Alice seeks out a new bench for her morning calm the following day, on the other side of the harbour. It is slightly concealed by overhanging branches and next to an overflowing litter bin buzzing with flies. If she twists her head slightly to the right, she can see the golden yellow contours of her own home high up above the harbour. She reaches behind her, runs her hands along with the rough wood, relieved to find it unadorned, seized by an unexpected feeling of gratitude that time hasn’t outsmarted her yet.

 


Kate’s Whitehead’s short fiction often has a strong sense of place. She did gain a certificate in creative writing from Birkbeck but ultimately has gained more inspiration form reading widely and voraciously and listening to authors she admires talking about their approach to writing. Her writing has been published in online literary journals, fanzines and the print publications Confluence and Impspired.

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Walking the Dales Way in Autumn – Ceinwen E. Cariad Haydon

 

Rain-glistened raised roots

emerald moss-coated stones

water spattered, spreading cow pats

slippery wooden footbridges

rocking, ancient stiles

with hard-sprung gates –

 

all conspire to tumble me as I walk

our old ways in these Dales

long swept by winds, storms,

artists’ eyes, mizzle and sunlight.

 

Somehow, I stay upright

and advance slowly, mindful

of the present moment

rich with overflows

of tricky beauty

as breezes waft smells of byre

and mulch of fallen, slithered leaves –

 

I find I am

unbalanced only by time

about to run out.

 


Ceinwen lives near Newcastle upon Tyne, UK and writes short stories and poetry. She is widely published in online magazines and in print anthologies. Her first chapbook is ‘Cerddi Bach’ [Little Poems], Hedgehog Press, July 2019. She is developing practice as participatory arts facilitator. She believes everyone’s voice counts.

diner – Tammy L. Breitweiser

 

A three day trip

A torn plastic booth

White stuffing protruding

From the wound.

Bandaged haphazardly with silver tape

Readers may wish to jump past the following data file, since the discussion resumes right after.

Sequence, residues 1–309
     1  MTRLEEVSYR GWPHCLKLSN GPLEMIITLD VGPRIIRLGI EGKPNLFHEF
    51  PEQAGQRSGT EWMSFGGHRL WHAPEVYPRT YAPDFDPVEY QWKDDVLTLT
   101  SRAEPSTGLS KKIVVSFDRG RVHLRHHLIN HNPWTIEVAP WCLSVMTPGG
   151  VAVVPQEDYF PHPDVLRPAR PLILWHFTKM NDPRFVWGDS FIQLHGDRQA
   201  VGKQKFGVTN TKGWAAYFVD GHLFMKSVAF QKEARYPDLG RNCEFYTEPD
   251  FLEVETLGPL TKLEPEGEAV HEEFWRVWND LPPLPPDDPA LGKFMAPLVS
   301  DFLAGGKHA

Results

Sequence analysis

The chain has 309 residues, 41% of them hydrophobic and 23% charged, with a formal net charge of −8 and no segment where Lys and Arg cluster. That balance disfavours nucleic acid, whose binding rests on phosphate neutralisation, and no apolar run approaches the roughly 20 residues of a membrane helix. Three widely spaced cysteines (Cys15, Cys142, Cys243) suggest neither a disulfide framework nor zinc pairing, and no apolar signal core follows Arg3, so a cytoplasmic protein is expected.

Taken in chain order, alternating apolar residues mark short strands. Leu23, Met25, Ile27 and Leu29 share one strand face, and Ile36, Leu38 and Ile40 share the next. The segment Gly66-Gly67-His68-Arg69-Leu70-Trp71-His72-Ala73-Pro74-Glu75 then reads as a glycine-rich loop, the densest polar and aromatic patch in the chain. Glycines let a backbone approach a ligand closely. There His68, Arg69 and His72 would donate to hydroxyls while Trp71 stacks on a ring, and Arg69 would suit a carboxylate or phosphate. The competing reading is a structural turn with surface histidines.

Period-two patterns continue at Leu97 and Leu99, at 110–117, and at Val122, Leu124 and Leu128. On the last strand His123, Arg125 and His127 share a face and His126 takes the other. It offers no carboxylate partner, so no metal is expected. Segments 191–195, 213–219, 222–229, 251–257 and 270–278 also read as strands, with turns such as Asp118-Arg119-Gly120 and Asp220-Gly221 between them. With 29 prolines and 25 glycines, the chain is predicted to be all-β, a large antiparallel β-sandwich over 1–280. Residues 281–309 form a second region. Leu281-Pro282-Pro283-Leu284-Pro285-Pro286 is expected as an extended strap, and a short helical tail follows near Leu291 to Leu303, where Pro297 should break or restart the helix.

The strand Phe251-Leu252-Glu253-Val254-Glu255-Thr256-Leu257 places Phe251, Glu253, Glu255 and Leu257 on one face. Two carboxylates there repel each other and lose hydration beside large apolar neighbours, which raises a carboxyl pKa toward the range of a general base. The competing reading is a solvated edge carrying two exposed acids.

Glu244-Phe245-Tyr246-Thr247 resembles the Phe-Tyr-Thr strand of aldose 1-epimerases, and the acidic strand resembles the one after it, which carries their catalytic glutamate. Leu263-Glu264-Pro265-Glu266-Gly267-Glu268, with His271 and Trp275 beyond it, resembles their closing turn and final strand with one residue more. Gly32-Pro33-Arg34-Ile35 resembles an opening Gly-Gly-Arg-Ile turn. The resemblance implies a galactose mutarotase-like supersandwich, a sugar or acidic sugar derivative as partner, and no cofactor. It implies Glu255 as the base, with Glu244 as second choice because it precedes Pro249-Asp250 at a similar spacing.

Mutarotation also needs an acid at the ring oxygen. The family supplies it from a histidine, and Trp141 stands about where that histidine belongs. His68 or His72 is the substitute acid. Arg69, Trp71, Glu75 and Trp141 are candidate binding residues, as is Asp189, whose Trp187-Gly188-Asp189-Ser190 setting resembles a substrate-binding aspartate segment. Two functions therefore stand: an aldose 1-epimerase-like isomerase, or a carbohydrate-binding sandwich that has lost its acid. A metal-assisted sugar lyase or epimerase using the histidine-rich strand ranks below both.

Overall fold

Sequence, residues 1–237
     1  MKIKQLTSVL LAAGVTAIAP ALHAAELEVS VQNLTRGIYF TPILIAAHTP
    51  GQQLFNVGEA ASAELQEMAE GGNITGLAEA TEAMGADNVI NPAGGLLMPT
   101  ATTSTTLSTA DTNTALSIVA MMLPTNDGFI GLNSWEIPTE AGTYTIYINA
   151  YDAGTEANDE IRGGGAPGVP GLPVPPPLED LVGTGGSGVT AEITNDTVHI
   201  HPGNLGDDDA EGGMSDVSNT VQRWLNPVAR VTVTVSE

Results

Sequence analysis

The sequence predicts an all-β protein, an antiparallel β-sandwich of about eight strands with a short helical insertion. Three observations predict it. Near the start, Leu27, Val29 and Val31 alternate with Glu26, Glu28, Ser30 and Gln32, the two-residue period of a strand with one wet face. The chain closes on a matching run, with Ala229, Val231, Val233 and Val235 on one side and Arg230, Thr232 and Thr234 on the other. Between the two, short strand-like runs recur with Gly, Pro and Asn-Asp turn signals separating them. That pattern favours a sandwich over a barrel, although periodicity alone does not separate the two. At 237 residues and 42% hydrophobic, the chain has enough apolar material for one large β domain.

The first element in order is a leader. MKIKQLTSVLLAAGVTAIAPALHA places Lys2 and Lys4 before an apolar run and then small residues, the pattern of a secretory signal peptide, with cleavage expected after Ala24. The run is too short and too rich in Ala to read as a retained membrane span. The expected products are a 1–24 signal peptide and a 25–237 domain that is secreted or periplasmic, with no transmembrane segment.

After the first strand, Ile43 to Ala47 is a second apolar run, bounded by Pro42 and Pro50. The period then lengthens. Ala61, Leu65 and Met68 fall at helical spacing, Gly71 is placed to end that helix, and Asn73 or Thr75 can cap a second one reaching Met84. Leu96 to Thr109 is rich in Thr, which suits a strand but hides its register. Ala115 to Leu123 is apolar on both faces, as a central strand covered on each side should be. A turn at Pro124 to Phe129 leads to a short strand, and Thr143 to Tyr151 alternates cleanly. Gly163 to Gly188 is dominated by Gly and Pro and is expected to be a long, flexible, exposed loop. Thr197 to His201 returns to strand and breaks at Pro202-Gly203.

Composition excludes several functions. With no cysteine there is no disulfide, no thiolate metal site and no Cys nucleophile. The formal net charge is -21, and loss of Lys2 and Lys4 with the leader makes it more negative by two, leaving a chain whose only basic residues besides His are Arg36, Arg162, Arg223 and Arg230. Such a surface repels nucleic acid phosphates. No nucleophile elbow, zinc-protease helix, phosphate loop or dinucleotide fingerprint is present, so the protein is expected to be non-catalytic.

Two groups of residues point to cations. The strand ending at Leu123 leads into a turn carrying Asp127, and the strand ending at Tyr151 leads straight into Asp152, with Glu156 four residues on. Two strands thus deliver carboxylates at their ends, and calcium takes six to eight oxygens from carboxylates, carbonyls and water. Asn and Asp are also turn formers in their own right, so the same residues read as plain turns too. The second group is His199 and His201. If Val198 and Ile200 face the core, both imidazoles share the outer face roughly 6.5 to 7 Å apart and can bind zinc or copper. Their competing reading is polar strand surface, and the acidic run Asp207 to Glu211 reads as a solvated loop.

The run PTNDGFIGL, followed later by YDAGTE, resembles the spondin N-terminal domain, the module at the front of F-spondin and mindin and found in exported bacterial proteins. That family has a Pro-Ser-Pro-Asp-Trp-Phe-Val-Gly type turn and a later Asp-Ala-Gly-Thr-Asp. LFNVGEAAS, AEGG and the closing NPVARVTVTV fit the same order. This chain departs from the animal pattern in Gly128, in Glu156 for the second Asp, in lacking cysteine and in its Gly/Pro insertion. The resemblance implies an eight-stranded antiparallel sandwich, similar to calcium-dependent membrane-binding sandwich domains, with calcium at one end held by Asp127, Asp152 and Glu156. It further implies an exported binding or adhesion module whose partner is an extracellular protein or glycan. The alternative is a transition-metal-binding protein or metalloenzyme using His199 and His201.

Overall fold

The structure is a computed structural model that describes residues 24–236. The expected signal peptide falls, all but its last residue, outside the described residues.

The aroma of stirring coffee with a spoon

On day 16.

Fills my nose

But my mind is still on

Six driving hours and two time changes

 

Misty droplets roll in from the lake

The fog horn is not the sound

Which concerns me.

 

“I am four years old

The year I learn to lie,”

Says my little companion.

Elsa always told me

“Don’t get attached”

 

What else do you need?

“Pink marshmallow mountains”

You had a bowl of ice cream

I had a glass of tequila and lime.

 

We drive down Highway 90

The bridge from old life to new.

I grip the wheel and think about

All the times I have driven on this road

Where I was going and how

A boy started the whole thing.

 


Tammy L. Breitweiser writes, walks, inspires, and teaches. She is the conjurer of everyday magic with short concise poems and stories. Her fiction has been published in Gone Lawn, Cabinets of Heed, Spelk, Five on the Fifth, Clover and White, Fiction Berlin Kitchen, Shorts Magazine, and Elephants Never. She is the lead moderator for the Sarah Selecky Centered community and a teacher for the school.  You can connect with Tammy through IG @inspiretammyb.

Life with a View – John Short

 

Gascony

 

After we parted yesterday

the grass was dancing.

You’d wanted kind words

but I was happily silent.

 

Outside the old room

with flaking plaster walls

I sat on the porch

and watched young frogs

hop through vines.

 

Rough wine from oak barrels.

I drank it on the porch

as the world seemed to dance.

 

Beyond fields of maize

and bright yellow rapeseed

your village perches

with its pink roof jumble.

 

From the highest point

land shimmers like mirage.

We see for miles

to glacial mountains

ascending from the plain.

 


John Short studied Comparative Religion at Leeds University (UK) then spent many years in France, Spain and Greece doing a variety of jobs. In 2008 he returned to Liverpool and a couple of years later began submitting work to magazines. Now internationally published, he’s appeared in places like Pennine Platform, South Bank Poetry, London Grip, Ink Sweat & Tears, Envoi, French Literary Review and The High Window. In 2018 he was nominated for the Pushcart Prize by StepAway Magazine and has been featured twice as Poet of the Month on the Write Out Loud national poetry forum. He lives in Liverpool, is a member of Liver Bards and reads at local venues and beyond.